If a host is shutdown non-forcefully then it will be temporarily removed from quorum calculations until it is turned back on. However you force shutdown a host or it loses power then it will still count towards quorum calculations. For example if you had a pool of 3 hosts and forcefully shutdown 2 of them the remaining host would fence as it would no longer have quorum.

Problem scenario 8: All of the hosts within the clustered pool get restarted at same time.

If number of contactable hosts in the pool is less than

  • even number of hosts in total: n/2
  • odd number of hosts in total: (n+1)/2

all hosts would be considered as not having quorum, hence all hosts would self-fence, and you would see all hosts restarted.

You may check following to get more information.

  • /var/opt/xapi-clusterd/boot-times to see if any boot occurred at an unexpected time.
  • Crit.log to check if there is any self-fencing message outputted.
  • XenCenter to check the notification of the timestamp you encountered the issue to see if self-fencing occurred.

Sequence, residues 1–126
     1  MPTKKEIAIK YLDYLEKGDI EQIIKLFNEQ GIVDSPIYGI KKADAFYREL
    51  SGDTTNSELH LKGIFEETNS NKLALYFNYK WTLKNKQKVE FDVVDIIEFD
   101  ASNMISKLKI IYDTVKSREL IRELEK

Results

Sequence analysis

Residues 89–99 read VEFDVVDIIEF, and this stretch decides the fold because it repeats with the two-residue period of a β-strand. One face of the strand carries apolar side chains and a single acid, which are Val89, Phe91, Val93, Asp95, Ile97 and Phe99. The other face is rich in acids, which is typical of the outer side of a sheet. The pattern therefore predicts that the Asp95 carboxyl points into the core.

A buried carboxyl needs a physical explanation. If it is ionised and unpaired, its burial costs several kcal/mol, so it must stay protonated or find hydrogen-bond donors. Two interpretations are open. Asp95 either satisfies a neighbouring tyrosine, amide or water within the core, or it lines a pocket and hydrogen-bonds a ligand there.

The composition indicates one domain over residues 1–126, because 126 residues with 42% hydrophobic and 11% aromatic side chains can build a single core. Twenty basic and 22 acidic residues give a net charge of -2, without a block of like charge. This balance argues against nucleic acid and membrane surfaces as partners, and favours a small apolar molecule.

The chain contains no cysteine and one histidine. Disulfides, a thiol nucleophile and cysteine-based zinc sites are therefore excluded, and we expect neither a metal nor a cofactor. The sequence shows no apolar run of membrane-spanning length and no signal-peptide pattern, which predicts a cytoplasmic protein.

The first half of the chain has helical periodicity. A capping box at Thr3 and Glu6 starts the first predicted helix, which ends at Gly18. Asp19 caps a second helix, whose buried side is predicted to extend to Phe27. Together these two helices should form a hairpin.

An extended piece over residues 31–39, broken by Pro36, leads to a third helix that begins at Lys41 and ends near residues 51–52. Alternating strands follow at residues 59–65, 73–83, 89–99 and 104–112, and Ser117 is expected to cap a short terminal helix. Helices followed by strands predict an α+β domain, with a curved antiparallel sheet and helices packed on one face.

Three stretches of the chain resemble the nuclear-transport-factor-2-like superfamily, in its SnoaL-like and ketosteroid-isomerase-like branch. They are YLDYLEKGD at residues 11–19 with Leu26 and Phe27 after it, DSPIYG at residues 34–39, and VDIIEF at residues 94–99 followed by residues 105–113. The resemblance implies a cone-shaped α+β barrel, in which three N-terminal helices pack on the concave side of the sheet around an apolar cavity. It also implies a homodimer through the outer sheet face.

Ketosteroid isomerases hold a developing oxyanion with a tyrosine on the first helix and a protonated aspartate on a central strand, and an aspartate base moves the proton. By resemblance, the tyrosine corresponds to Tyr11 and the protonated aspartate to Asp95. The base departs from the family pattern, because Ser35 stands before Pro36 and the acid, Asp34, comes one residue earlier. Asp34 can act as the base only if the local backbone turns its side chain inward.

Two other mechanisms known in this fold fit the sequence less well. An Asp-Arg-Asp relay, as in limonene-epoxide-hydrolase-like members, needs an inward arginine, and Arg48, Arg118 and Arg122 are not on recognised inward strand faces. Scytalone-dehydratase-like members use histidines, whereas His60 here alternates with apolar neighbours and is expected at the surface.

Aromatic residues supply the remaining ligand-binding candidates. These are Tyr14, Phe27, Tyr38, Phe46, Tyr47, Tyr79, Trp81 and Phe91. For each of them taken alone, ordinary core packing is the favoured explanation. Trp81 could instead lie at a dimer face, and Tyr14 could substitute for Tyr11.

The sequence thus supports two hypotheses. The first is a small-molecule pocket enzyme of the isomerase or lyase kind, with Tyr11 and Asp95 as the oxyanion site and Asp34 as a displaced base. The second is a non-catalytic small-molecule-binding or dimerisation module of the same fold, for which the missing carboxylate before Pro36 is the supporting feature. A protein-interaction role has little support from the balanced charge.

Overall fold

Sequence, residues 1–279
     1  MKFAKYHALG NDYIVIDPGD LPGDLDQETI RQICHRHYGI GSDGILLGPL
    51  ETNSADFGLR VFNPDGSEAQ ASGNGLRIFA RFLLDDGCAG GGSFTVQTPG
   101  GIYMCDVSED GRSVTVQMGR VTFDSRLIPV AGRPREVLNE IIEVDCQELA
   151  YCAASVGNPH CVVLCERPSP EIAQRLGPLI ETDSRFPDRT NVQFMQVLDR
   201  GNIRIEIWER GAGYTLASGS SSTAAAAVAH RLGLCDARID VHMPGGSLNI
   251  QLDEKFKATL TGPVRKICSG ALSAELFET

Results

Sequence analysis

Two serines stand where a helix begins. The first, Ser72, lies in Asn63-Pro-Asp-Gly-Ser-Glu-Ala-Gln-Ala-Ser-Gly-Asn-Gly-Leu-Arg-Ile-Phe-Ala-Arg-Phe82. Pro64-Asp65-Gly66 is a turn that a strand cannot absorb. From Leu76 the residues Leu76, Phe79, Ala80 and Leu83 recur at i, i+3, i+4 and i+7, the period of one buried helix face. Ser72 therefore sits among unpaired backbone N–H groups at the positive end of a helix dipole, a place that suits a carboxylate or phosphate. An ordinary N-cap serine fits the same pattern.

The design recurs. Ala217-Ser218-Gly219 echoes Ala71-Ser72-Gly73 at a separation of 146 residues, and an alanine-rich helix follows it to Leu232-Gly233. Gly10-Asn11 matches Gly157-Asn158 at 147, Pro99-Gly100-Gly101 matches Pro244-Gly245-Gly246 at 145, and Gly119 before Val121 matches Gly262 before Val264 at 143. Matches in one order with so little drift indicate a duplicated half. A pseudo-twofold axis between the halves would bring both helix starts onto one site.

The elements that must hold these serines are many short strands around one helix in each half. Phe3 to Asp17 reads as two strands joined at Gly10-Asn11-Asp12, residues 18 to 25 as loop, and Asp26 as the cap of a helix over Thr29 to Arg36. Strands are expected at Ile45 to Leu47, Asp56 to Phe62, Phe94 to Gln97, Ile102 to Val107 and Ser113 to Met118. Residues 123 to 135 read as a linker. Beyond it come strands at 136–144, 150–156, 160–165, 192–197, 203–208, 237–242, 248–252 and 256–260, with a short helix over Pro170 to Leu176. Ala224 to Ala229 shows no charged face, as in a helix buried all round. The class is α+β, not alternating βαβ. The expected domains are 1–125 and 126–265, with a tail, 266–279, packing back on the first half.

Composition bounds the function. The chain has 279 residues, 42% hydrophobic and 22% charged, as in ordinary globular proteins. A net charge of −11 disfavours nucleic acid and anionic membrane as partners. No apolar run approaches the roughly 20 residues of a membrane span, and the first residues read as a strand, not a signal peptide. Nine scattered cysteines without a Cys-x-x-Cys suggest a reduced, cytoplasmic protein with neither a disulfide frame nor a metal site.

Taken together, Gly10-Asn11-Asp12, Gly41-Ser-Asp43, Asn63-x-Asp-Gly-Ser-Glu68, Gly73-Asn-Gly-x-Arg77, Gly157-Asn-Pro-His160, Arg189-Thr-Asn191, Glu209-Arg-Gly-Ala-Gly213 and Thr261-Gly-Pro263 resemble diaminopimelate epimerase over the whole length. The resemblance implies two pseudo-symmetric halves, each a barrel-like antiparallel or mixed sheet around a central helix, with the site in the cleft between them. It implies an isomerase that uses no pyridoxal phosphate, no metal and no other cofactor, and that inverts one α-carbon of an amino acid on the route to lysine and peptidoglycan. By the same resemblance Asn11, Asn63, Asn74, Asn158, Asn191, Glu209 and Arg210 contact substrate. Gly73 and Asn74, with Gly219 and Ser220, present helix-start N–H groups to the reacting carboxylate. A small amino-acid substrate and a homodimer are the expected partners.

• dlm_tool status command output, check fence x at x x
example of a working case of dlm_tool status output
dlm_tool status

cluster nodeid 1 quorate 1 ring seq 4 4

daemon now 436 fence_pid 0

node 1 M add 23 rem 0 fail 0 fence 0 at 0 0

In case of collecting logs for debugging, please collect diagnostic information from all hosts in the cluster. In the case where a single host has self-fenced, the other hosts in the cluster are more likely to have useful information.

If the host is connected to XenCenter, from the menu select Tools > Server Status Report. Choose the all hosts to collect diagnostics from and click Next. Choose to collect all available diagnostics. Click Next. After the diagnostics have been collected, you can save them to your local system.

Or you can connect to the host console and use the xen-bugtool command to collect diagnostics.

Problem scenario 9: Error when changing the cluster settings

You might receive the following error message about an invalid token (“[[“InternalError”,”Invalid token”]]”) when updating the configuration of your cluster.

Resolve this issues by completing the following steps:

  1. (Optional) Backup the current cluster configuration by collecting an SSR with the xapi-clusterd and system log boxes ticked
  2. Use XenCenter to detach the GFS2 SR from the clustered pool
  3. From the CLI of any host in the cluster, force destroy the cluster: xe cluster-pool-force-destroy cluster-uuid=<uuid>
  4. Use XenCenter to re-enable clustering on your pool
  5. Use XenCenter to reattach the GFS2 SR to the pool